The inevitable has begun to happen and Pakistan is now supporting the Taliban's effort to take over Afghanistan. This is an outcome that was decided decades ago but delayed because the United States failed to anticipate the costs of Nation building.
It was George W. Bush who got us into this war and his recent criticisms of President Joe Biden should be ignored. Anyone ready to blame Biden for the results of our misadventure has conveniently forgotten the fatal mistakes that were made several administrations ago:
Bush [in April 2002] said that “We know that true peace will only be achieved when we give the Afghan people the means to achieve their own aspirations. Peace will be achieved by helping Afghanistan develop its own stable government.” In his memoir, one chapter of which is devoted to Afghanistan, Bush writes that “Afghanistan was the ultimate nation building mission. We had liberated the country from a primitive dictatorship, and we had a moral obligation to leave behind something better. We also had a strategic interest in helping the Afghan people build a free society,” because “a democratic Afghanistan would be a hopeful alternative to the vision of the extremists.”
Observers, including me, have almost unanimously taken Bush to task for failing to match his lofty rhetoric with the programs, policies, and budgets to implement them. Bush, to his credit, admits as much in his memoir. “The task turned out to be even more daunting than I anticipated,” he writes. Part of the difficulty lay simply in the massive complexity of the task. “Democracy is a journey that requires a nation to build governing institutions such as courts of law, security forces, an education system, a free press, and a vibrant civil society.” It is tempting to say that this should not have been a surprise to an Administration whose National Security Advisor had a PhD in Political Science, but the truth is that academics and practitioners have been captivated by a simplistic and naïve notion of how poor, oppressive countries become rich, free ones for decades-from the “modernization theory” of the 1950s to the “Washington Consensus” of the 1990s.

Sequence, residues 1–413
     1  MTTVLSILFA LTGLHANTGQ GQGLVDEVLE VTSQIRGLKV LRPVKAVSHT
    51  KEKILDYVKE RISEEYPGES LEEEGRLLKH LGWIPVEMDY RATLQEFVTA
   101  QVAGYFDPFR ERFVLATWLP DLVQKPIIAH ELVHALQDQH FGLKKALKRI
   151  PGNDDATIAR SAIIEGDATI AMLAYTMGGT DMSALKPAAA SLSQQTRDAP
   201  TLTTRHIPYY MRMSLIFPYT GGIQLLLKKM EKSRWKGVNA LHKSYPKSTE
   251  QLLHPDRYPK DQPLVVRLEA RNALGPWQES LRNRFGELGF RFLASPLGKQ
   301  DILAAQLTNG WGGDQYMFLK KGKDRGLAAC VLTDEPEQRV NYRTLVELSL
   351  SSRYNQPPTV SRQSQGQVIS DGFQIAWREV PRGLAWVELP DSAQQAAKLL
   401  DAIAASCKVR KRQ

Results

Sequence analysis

But another part of the problem lay in the capacity of the U.S. government. “Our government was not prepared for nation building,” Bush writes, which is absolutely true. Even if Bush had directed the Departments of State and Defense to mount a massive nation building campaign right after the fall of the Taliban, it isn’t clear to me that they would have known how. To its credit, the Bush Administration took steps in later years to increase the government’s ability to fix failed states. It established the State Department’s Office of the Coordinator for Reconstruction and Stabilization (CRS) in 2004. The next year the Department of Defense issued Directive 3000.5 making stability operations a core military mission. And the White House issued National Security Presidential Directive 44, updating the Clinton administration’s guidance on interagency efforts in reconstruction and stabilization missions.